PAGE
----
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Posts from the ‘Poultry’ Category

Dinner Party Menu: July

Appetizers: Gazpacho Shots, Hard-Boiled Quail’s Eggs with Toasted Fennel Salt, Radishes, Olives
Watercress Salad with Grilled Peaches or Quince Paste, Manchego and Almonds
Paella
Summit Blueberry Tart

This July menu has been planned and recipes proposed but not yet tested and photographed. I am excited to try the recipes below and will be doing so next weekend. We are so quickly approaching the end of the month and I wanted to share this with you so that you might enjoy it when it suits your summer schedule. Once tested, I will add comments and photographs.

Julie has had a rigorous travel and work schedule this summer (this is where she is now) but I am grateful that she has made time to get together to plan menus and chat around the table when she is home. She has already made a paella and will be posting her version in the coming weeks.

The idea to feature paella came from friend and blog-follower, Daphne, who commented last month and made reference to making this for a party. It struck Julie and me as an ideal summer dish that can feed many people and that can be eaten at room temperature if you like. This version of paella can be started in advance up to the point of adding the liquid, started on the stove and finished in the oven shortly before serving.

While researching this menu, I found that there are many versions of paella, depending on region and local ingredients. Some cooks write that they make the entire dish on the barbecue, some in the oven and others half and half. Ingredients can be varied according to preference: omitting the chicken and sausage, adding more varieties of seafood, or substituting a different green vegetable such as peas for the beans.

Regarding menu design, I liked the idea of making mostly Spanish dishes. The exception is the dessert since I wanted to use blueberries that are so gorgeous in the market now. I have inserted a link for the blueberry tart recipe which was first posted here almost 5 years ago. If you have made this tart before, you will notice that I have adjusted the sweetness of both the pastry and the filling by halving the sugar amounts.

Note: This menu serves 6.

Gazpacho
This recipe is based on one in John Bishop’s Cooking at My Home, with these adjustments: I replaced green pepper with red pepper, reduced amount of olive oil from ⅔ cup to ⅓ cup, and used Sherry vinegar instead of red wine vinegar.

1½ pounds fresh tomatoes, cut into pieces
3 Persian cucumbers or 1 English cucumber
1 medium red pepper, seeded and cubed
6 small cloves garlic, peeled and crushed
⅓ cup extra-virgin olive oil
1 tablespoon cumin seed, crushed
3 cups tomato juice
¼ cup Sherry vinegar
salt and pepper, to taste

Combine all ingredients in a blender and blend to a creamy soup consistency. Check seasoning. Pour into a glass container, cover and refrigerate until very well chilled. This soup improves in flavour so can be made a few days ahead. To serve, pour chilled soup into shot glasses or other small glasses.

Toasted Fennel Salt
1 tablespoon fennel seeds
2 tablespoons Fleur de Sel or Kosher salt

In a small saucepan, toast the fennel seeds until they start to brown and smell fragrant. Cool and then grind in a spice grinder or in a mortar and pestle until finely ground. Add salt and mix well. If you want a finer consistency, grind the salt with the ground fennel for a second or two.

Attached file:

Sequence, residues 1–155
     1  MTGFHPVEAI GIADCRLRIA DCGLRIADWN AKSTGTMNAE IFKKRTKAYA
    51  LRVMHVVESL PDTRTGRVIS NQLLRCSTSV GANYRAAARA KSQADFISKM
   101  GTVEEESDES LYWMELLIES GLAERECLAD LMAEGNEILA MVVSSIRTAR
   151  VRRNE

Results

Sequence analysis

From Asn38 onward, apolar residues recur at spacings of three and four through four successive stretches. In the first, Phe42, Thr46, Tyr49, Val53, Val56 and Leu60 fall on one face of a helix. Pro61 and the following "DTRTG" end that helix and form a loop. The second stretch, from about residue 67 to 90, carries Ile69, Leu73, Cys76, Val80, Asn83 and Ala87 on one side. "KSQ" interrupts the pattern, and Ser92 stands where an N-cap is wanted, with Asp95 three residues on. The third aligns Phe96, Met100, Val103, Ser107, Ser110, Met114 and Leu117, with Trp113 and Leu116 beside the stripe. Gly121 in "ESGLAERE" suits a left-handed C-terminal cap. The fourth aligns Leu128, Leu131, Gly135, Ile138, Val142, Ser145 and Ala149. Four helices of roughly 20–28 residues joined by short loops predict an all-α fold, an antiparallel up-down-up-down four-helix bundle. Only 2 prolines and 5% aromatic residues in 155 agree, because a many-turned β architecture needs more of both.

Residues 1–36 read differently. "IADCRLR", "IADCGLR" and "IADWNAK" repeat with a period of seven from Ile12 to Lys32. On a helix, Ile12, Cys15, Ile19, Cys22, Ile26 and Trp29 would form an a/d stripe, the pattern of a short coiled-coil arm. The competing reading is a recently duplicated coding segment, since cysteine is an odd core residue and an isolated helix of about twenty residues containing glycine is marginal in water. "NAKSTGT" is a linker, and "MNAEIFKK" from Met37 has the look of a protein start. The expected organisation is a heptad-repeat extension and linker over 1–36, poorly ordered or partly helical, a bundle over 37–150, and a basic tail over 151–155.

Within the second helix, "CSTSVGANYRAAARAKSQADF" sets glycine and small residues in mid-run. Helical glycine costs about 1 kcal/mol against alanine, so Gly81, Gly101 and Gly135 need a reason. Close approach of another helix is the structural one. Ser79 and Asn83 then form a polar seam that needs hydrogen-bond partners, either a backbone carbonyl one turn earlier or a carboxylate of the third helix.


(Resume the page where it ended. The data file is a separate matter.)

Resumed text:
Quail’s Eggs
1 carton quail’s eggs (24)
Place quail’s eggs in boiling water for 4 minutes. Drain, rinse under cold tap water and peel off shells. Cover and refrigerate until ready to serve. I cut the egg container in half lengthwise and used it as a serving dish for the eggs.

Watercress Salad with Grilled Peaches, Manchego and Almonds
Like the paella recipe below, I found this recipe on Chowhound.com as part of a Spanish menu. The recipe calls for Membrillo (quince paste) that is a typical Spanish pairing with Manchego cheese. Manchego is made in the La Mancha region of Spain from the milk of sheep of the manchega breed. Quince paste and Manchego can be purchased at most cheese shops. I plan to test and compare this pairing with grilled peaches which are so delicious in our markets now.

1 large garlic clove, finely grated
4 tablespoons sherry vinegar
½ salt, or to taste
½ cup extra-virgin olive oil
3 bunches watercress, stemmed and washed
⅔  cup slivered almonds, toasted
6 ounces Manchego cheese, shaved into thin slices
3 ripe peaches, halved and grilled OR 5 ounces quince paste, diced

Combine the garlic, vinegar, and salt in a medium bowl. Whisking constantly, add the olive oil in a steady stream until completely incorporated.

Combine the watercress, almonds, and half of the cheese shavings in a large bowl. Drizzle the dressing over the salad and toss to coat. Go lightly and taste as you may not need all of the dressing. Divide the salad among 6 plates and garnish with the remaining cheese and the peaches or quince paste.

For the peaches: Halve and pit the peaches, then brush with a little olive oil. Grill them just enough to mark them on the cut side. Cut each half in half again and reserve until ready to serve the salad. This can be done several hours before serving. If you do not want to grill them, you don’t need to, but the grilling brings out the taste of the fruit.

Paella
Paella